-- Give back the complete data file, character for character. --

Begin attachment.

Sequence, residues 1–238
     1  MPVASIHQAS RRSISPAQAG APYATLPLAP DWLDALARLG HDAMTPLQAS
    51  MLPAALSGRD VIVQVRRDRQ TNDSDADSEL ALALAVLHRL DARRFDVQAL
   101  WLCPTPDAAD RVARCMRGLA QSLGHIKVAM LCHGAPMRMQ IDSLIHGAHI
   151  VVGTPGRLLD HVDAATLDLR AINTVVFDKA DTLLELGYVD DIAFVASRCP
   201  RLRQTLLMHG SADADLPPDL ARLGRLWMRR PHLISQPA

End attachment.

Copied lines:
Sequence, residues 1–238
     1  MPVASIHQAS RRSISPAQAG APYATLPLAP DWLDALARLG HDAMTPLQAS
    51  MLPAALSGRD VIVQVRRDRQ TNDSDADSEL ALALAVLHRL DARRFDVQAL
   101  WLCPTPDAAD RVARCMRGLA QSLGHIKVAM LCHGAPMRMQ IDSLIHGAHI
   151  VVGTPGRLLD HVDAATLDLR AINTVVFDKA DTLLELGYVD DIAFVASRCP
   201  RLRQTLLMHG SADADLPPDL ARLGRLWMRR PHLISQPA